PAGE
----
Nevertheless, my own understanding of contemporary art differs strongly, and I will offer it to you here so that you could follow more easily the following investigation. I see contemporary art as an independent genre of art making, strongly embedded in the framework of the white cube (as well as the attempts to escape it), a Western modernist invention of the XX century, with a strong canon and linear narrative, where curators have become to have a decisive role in defining what will be included in the canon. As it has been shown by many, this whit cube is everything but neutral, and everything placed within its clean walls has strong ideological roots. What this big machine of large-scale events does, in museums and elsewhere, is to make order in the new collections of subjects and objects, but also serving as one of the main wheels in the capitalist machinery. 

Let us now go back to the nineties: when we think about the art production and the exhibitions of that time, including the beginning of the twenty-first century, the word that defines this period, the concept that inevitably comes to mind is 'identity'. In the times of new shifts and global invasion of liberal capitalism (popularly named 'globalism'), the definition of clear ethnic identities in art and politics had become one of the most important traits of human beings to be worked upon. As we have seen, the field of contemporary art had become one of the main collaborators in this project, and suddenly the key to understand different artistic practices was found in the domain of culture and cultural identities, more often in the origin of the artists than in the art schools they have attended. As it seems, we are to believe today that all this has been resolved, at least - try to think about when was the last time you have heard the word 'identity' in the arts? What is important to repeat at this point is that at the very same time, the anthropological theory had officially reached its crisis. This happened after the discovery that its approach, its methodology, only exoticized the Others it was researching about, being used as an extended hand of colonialism and having devastating consequences on the political level for those Others. As it seems, the art world did not have any problem with taking over the production and reproduction of the images of all those strange Others, turning them into a main product on the art market. The avatar body of the dark side of anthropology has found its new materialization, using this opportunity for the production of the new spectacle.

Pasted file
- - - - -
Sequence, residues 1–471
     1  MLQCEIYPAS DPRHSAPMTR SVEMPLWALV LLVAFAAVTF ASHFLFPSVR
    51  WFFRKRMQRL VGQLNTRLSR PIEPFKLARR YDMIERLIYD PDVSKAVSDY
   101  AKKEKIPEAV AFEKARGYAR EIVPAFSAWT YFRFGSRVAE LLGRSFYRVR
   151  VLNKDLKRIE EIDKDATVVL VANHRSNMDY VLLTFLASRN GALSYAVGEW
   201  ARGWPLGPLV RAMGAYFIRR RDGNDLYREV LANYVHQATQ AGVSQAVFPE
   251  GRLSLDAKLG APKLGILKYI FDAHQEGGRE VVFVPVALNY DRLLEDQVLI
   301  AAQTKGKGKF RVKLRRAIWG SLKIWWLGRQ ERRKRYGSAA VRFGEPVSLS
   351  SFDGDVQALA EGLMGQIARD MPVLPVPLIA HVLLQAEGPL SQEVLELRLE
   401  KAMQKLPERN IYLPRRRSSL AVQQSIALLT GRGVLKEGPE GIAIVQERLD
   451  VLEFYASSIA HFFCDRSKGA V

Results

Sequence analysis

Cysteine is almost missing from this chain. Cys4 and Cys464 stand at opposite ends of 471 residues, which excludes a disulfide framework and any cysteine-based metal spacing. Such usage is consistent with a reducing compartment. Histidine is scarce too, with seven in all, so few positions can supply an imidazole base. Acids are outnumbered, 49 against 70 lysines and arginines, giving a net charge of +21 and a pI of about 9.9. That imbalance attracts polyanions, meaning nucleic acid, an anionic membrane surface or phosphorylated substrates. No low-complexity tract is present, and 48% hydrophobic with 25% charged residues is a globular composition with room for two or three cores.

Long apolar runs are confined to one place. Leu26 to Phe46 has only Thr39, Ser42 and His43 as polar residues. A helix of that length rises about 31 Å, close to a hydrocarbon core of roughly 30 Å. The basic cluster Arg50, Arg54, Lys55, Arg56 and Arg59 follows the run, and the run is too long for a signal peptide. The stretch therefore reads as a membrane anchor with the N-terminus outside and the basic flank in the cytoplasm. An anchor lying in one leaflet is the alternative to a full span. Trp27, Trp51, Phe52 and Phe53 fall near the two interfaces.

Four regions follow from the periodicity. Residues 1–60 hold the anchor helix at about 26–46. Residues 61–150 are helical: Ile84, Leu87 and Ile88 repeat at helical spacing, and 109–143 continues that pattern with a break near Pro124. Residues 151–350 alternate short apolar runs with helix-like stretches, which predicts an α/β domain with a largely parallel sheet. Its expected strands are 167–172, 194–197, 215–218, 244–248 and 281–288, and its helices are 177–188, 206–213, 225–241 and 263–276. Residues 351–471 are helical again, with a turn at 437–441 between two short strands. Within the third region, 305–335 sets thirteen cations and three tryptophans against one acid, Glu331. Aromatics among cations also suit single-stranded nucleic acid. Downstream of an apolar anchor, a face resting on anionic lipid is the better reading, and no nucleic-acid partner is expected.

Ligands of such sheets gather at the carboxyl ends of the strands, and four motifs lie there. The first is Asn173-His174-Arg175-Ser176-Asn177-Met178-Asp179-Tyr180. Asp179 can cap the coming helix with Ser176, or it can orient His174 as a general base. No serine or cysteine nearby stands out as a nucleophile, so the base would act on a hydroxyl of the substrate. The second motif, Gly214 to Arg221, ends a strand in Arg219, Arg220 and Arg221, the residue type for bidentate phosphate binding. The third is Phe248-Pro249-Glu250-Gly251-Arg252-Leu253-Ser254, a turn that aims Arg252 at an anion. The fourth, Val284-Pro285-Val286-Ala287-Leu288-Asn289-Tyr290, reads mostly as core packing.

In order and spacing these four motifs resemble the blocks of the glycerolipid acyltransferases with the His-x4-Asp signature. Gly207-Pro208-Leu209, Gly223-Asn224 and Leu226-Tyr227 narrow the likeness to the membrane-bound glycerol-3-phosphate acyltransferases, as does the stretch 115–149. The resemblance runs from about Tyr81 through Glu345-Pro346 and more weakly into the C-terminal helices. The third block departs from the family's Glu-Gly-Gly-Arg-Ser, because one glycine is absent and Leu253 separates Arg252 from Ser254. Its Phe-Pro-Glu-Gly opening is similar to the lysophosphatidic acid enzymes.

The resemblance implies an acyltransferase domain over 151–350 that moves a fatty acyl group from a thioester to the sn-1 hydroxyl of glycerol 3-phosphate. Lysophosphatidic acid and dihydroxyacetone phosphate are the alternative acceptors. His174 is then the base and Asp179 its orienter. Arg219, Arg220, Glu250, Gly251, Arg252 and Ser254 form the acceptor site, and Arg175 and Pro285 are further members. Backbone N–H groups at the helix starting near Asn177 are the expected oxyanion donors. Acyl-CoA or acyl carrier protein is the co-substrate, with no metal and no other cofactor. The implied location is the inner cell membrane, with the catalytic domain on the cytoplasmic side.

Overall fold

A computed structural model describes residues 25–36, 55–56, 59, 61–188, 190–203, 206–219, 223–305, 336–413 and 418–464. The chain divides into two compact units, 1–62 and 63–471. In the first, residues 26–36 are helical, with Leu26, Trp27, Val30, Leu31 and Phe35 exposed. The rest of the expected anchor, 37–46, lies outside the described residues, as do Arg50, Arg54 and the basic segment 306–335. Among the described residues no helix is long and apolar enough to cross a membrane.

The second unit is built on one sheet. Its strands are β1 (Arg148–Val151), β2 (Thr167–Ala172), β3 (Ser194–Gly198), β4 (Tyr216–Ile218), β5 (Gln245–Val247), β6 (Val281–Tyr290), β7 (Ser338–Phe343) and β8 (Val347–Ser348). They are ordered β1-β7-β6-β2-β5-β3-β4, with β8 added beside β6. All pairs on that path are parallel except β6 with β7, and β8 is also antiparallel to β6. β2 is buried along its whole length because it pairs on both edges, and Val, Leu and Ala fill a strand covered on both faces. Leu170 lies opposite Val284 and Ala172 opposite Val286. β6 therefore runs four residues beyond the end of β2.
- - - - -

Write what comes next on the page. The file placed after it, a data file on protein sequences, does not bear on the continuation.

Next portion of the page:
There has been much discussion in the previous decades about the problematic Western definition of stable fixed identities, as well as the role of the Others in this. The short summary (thanks to Stuart Hall) is as follows:

1. The first school in one of the linguist Ferdinand de Saussure, who had concluded that 'difference' matters because it is essential to meaning; all meaning is relational and without it, it would not exist; our language and culture operate in binary oppositions; from his side, the philosopher Jacques Derrida adds that there are just a few neutral binary oppositions: one pole of the binary is usually the dominant one, the one which includes the other within its field of operations.

2. Mikhail Bakhtin's school sees the need for 'difference' because we can only construct meaning through a dialogue with the Other; for him, meaning does not belong to any one speaker, which allows us to enter into a struggle over meaning.

3. The anthropological explanation states that the culture depends on giving things meaning by assigning them to different positions within a classificatory system; the marking of 'difference' is the very basis of the symbolic order we call culture [therefore, what unsettles culture is 'matter out of place'].

4. The psychoanalysis sees the Other as fundamental to the construction of the self, to us as subjects, and to the sexual identity; Lacan goes even further and states that we are never fully unified as subjects; we are formed in relation to something which completes us but which - since it lies outside us - we in some way always lack.[For more details, please see Chapter 4 in: Stuart Hall, work cited at the end].

And it is on this lack that the collections of objects seem to be created upon as well. At this moment, I would like to show you one more shore clip, this time a trailer for the 1965 movie entitled 'The Collector'. 

The disturbed young man from this movie has a long lasting passion for collecting butterflies and we see several times his rich collection. He has wan the lottery, has become a very rich man and the only thing he lacks to make his world perfect is love. Hence, he decides to kidnap his teenage love, now art student, and hold her in captivity waiting for her to change her mind. Of course, this does not happen, she will unfortunately die from illness; what is interesting is that he survives it all, and at the end of the movie we see him capturing a nurse, his new love butterfly: the collectors desire never ends.